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The Yankees Need To Spend $300MM On Corey Seager Next Offseason

Corey Seager might win the National League MVP this year, which makes the following statement obvious: every team could use him on their roster. Now that we got that out the way, there’s one team that needs him more than anyone.

It’s the New York Yankees.

Current roster construction, clutch moments, and the glove. There are many reasons for Seager to be in pinstripes, so let’s begin.

Yankees roster

First, we have to dig into why the Bombers need him most. Look at today’s lineup and see if you notice anything:

Righty, righty, left-handed utility bat? Then right back to righty, righty, righty, lefty (only in there due to the injury of righty starter Luke Voit), righty, righty.

This can’t be planned, can it? Well, actually the Yankees’ theory on this is that the right-handed power bats fit better at Yankees Stadium. That may very well be true, but you also can’t have an entire lineup be right-handed. That’s way too one-dimensional, which is why manager Aaron Boone went with Brett Gardner to hit between Aaron Judge and Giancarlo Stanton. They’re trying to defend against the Orioles, or any opponent, bringing in a power right-handed pitcher late in the game to get their power duo out.

In theory, Garner’s presence is supposed to prevent the Orioles from making that move, but I’m here to tell you right now: no one’s afraid of Brett Gardner.

You know who does strike fear into any team and would accomplish the Yankee goal of that three-hitting lefty? The World Series MVP Corey Seager, a 26-year-old superstar who already rocks a clean shave. How many more signs do you need?

Seager can get “the big hit”

You know which hitters always seem to come through in the big moments? Even back to our childhoods, the contact hitters got it done. Seager is that guy in today’s game, regardless of the fact that the rest of the league seems to hate hitting for average. Corey Seager takes pride in putting the ball in play and that makes him the ideal at-bat in the clutch.

And when you’re in pinstripes, you damn sure better be ready for all the marbles in October. It’s almost better that Seager already showed the baseball world what he can do in the playoffs. That way, he could come to New York a proven man. Rather than making someone earn his stripes, it’s sometimes beneficial to sign a guy who already has a few stripes in his bag.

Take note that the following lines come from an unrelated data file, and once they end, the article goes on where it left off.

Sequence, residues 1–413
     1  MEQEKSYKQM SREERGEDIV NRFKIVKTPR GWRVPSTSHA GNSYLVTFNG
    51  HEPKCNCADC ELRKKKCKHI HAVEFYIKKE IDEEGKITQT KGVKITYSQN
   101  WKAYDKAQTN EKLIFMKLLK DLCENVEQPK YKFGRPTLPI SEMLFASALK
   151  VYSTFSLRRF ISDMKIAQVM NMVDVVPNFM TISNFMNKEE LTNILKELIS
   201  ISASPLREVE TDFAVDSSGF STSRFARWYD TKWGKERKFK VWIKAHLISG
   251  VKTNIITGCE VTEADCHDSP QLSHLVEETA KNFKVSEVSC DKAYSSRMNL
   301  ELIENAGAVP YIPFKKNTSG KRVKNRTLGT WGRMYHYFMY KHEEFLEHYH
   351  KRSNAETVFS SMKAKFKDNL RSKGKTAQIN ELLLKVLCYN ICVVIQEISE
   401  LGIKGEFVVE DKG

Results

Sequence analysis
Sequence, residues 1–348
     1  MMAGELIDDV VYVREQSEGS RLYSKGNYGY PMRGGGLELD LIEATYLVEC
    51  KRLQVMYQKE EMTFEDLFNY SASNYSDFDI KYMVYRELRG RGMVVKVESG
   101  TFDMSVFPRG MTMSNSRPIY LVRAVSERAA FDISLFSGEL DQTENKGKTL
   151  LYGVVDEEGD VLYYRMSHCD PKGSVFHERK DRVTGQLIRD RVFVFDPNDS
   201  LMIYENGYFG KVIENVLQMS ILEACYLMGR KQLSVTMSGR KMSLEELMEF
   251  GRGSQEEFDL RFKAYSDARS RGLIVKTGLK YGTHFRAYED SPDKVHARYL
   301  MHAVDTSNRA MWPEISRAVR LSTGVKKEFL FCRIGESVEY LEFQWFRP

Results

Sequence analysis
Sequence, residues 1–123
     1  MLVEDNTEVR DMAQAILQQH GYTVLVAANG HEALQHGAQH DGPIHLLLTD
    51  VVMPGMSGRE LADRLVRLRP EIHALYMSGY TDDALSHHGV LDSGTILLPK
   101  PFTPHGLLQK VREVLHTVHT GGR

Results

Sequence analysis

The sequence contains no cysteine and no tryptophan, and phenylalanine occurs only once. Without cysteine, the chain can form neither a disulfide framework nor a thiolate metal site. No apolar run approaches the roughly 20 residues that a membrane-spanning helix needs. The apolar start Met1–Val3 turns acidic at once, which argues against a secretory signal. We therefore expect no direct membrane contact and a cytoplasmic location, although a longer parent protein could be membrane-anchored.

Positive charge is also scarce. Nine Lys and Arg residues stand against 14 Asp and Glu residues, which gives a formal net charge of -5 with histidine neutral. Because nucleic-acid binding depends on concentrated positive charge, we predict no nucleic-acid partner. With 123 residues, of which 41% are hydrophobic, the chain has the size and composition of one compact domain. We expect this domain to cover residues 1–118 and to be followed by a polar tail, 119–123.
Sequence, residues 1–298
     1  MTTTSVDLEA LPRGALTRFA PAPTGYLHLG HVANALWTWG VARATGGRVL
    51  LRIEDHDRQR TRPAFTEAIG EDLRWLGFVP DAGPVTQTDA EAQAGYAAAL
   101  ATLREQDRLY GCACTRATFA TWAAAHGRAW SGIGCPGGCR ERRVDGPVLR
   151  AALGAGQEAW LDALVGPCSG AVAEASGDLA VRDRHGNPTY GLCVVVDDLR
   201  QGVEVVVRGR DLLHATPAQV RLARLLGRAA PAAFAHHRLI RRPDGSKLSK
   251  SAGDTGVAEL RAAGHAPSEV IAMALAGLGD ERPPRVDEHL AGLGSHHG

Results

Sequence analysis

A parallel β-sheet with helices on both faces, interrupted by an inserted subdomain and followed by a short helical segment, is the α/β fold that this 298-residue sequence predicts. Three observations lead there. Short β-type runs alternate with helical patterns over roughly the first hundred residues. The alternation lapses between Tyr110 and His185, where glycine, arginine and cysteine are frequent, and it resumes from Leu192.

The glove — can’t emphasize this enough

Corey Seager is a sure-handed shortstop, and the Yankees were god awful there last season. Yes, Gleyber Torres was learning the position on the fly, but the Yankees don’t have time for projects.

What works best is fitting Seager in pinstripes and moving slugger Gleyber Torres back to his native position of second base. That effectively would slot star slugger DJ LeMahieu to first base, where he’s already seen some success. The only downside would be that first baseman Luke Voit would have nowhere to play. While true, often times you have to give up good players to find the best possible fit.

Ask yourself whether Luke Voit is better than Corey Seager, Gleyber Torres, or DJ LeMahieu. It’s not really that close, is it? Didn’t think so.

So how much will this cost?

Corey Seager, like I said earlier, is a 26-years-old shortstop, and at the very least, good enough to be in the NL MVP race. That said, negotiations likely start at 10 years, roughly $350 million. Yeah, it’s a wagon full of dough.

All you have to do is peek at the “star” shortstop market. Lindor just inked a 10-year, $341 million deal, and he’s far less accomplished than Seager. Lindor played below his standards (which are high) in his last couple postseason appearances, and Seager didn’t. The Dodgers shortstop was the best player on the team throughout their entire World Series run.

The one (massively overblown) concern is his injury history. Seager missed significant time in 2018 with an elbow injury. Since then, he’s been reliable, and he has clearly found his swing. New York needs a new star shortstop, and his name is Corey Seager.

Written by Gary Sheffield, Jr

Gary Sheffield Jr is the son of should-be MLB Hall of Famer, Gary Sheffield. He covers basketball and baseball for OutKick.com, chats with the Purple and Gold faithful on LakersNation, and shitposts on Twitter. You can follow him at GarySheffieldJr

4 Comments

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  1. Tatis Jr. at 31.4 per year avg.
    Lindor at 34.1 year avg.
    30 a year sounds about right.

    It’s like Kirk Cousins. Seems like a lot of money but that’s what they cost.

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